“I would rather ramp up than remediate,” Evans said.
You also achieve your goals in a large district, he said, by focusing on one thing at a time.
The state ordered Kansas schools to step in and help struggling students. Evans told his schools to select one big issue to work on in a given school year: math, reading or behavior.
High school staffs chose behavior. Andover Middle chose reading.
“You don't want to get spread so thin you focus on everything (or) you focus on nothing,” Evans said.
And the more buy-in the better — a lesson Evans said he had to learn again in 2005, his first year in Andover.
He was the new superintendent and he was bursting with great ideas.
He wanted to change the way administrators were evaluated. When Andover staff and administrators didn't immediately jump on board, embracing his plan, that didn't slow him down. He installed it by the end of his first semester.
Evans said the staff wondered if he was going to ram all of his big ideas through, whether they liked them or not. But Evans said the episode taught him a valuable lesson.
“I had so much that I wanted to do when I came here, I was a little impatient,” he said.
So he rushed his plan through. “I'll never do it again,” he said.
That doesn't mean Evans can't make decisions, or believes in studying everything to death, he said. He can and has taken decisive action, including getting rid of employees.
During his six months as Wichita's interim superintendent in 1998, Evans quickly realized that the district's director of technology was not ready to update the district's information system for the year 2000, nor was he willing to prepare the system.
So Evans replaced him — no committee needed.
Evans has spent his entire career within 20 miles of his childhood home. So why leave for Omaha, a district that's almost certain to have louder critics and bigger challenges?
“You can impact that situation a little bit more than you can in another setting where the students and community have a lot of supports built in,” Evans said.
At Wichita West High, students of all races walk the hallways, dressed in jeans and sweats.
More than 80 percent come from families that qualify for federal lunch subsidies.
When Evans was principal here, 1993 through 1998, he stood on the sidelines at football games.
He got students excited at rallies by ripping apart an opponent jersey, throwing it on the ground and stomping on it.
He hosted parties for students who improved their grade-point averages by a half point.
He installed a uniform policy that cut down on the school fashion show and bumped up the school pride.
In March 1998, he agreed to be Wichita's interim superintendent, expecting a six-month stint into district management. Instead, he has remained in administrative roles.
He stayed in Wichita with an eye toward leading his own urban district. Evans applied to be superintendent in Sioux Falls, S.D.; Sacramento, Calif.; and in his hometown, Wichita. But he landed none of them.
Wichita's decision in 2009 had more to do with the board wanting an outside candidate than rejecting Evans, said Sheril Logan, a former Wichita administrator who is now on the Wichita school board.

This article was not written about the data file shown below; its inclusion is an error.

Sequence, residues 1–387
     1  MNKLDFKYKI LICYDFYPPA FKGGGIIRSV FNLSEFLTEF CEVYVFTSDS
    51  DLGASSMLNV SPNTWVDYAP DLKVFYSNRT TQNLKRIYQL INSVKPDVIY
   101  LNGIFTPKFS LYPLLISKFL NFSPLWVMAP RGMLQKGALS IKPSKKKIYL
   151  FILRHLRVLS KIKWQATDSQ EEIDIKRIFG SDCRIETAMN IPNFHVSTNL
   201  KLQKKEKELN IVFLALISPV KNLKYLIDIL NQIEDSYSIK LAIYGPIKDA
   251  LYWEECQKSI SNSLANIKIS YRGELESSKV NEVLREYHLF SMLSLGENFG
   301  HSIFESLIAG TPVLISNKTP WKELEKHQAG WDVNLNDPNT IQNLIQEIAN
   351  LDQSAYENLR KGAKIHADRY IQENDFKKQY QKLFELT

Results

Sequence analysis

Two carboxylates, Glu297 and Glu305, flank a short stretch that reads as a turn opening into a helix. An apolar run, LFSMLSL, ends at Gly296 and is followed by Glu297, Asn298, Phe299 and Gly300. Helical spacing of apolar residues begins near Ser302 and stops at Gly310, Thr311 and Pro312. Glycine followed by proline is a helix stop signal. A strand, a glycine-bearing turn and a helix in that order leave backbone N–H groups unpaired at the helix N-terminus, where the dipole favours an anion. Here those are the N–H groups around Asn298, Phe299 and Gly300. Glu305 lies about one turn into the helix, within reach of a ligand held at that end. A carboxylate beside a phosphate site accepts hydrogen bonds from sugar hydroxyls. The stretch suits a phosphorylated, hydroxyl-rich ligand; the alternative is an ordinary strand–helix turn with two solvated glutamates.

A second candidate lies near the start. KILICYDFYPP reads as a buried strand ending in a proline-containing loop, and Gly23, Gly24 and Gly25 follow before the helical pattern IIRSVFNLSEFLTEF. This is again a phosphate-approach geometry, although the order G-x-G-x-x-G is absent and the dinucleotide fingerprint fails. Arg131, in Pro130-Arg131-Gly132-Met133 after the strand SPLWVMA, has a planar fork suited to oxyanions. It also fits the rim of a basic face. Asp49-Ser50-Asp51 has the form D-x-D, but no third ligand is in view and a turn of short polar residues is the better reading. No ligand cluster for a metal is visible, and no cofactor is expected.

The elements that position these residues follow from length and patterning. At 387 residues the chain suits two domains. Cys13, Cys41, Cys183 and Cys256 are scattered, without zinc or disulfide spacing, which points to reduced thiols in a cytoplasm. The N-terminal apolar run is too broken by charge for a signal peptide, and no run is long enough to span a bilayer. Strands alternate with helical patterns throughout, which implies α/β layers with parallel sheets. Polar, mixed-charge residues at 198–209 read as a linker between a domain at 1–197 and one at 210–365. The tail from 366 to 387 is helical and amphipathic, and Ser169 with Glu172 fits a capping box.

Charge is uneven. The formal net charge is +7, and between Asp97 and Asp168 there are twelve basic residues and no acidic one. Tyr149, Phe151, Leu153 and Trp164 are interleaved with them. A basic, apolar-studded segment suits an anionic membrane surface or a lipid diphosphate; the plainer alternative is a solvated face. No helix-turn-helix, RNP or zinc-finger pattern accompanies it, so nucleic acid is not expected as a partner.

Schartz, the longtime friend and coach, said Omaha appeals to Evans precisely because it is an urban district.
Schartz says Evans doesn't quite fit in a district like Andover.
“Dude, you're in the wrong place,” he used to tell Evans.
Schartz had also once left West for a more affluent school.
When he decided to return, Evans told him: “It's about time you're back.”
Evans agrees he's more at home in an urban district.
Staff members said Evans has a hands-on role when it comes to tackling problems.
He is the principal who found out a West High student was gone, asked Schartz where he was, and said, “Let's go get him.” They drove to a nearby pool hall and found the student, who looked up with wide eyes — and went back to school.
Evans was the Wichita district administrator who headed efforts, such as audits of textbooks and curriculum, to make sure students at inner-city schools were getting the same education as other kids, said Logan, who worked with Evans in Wichita central offices.
Hoyt Sunderland saw the same thing when he was a counselor for 30 years at West, which encompassed Evans' time there as a student as well as when he was Sunderland's boss.
Evans took on veteran teachers who wanted to show videos instead of teach, and personally negotiated with a department store so kids could buy less-expensive school uniforms.
“I've never worked with an administrator that was as hands-on and tuned in to the needs of those kids as Mark was,” said Sunderland, who worked for seven principals at West High. “He was equally comfortable with kids who had money, but his heart was with the underdog.”
Coaches and teachers can change kids' lives wherever they work, Evans said, and all kids need good role models at school. But some people fit better in urban schools, and some work better in suburban schools.
Evans said he can identify with kids whose parents didn't attend college.
Kids whose parents might not know how to navigate college visits and federal loan applications. They might not have two-parent households or parents who modeled the path they want to pursue: higher education and a career.
“You know if you're there, your presence makes a difference,” Evans said.
At Andover, he knows he has helped kids. But at a place like Wichita West, Evans said, “It's magnified.”
Now he will have an opportunity to make a difference in Omaha.
After OPS named Evans to the post last week, his old friend Schartz, had his “I told you so” moment.
Schartz picked up the phone, dialed Evans and said three words:
“It's about time.”
Contact the writer: firstname.lastname@example.org, 402-444-1074, twitter.com/jonathonbraden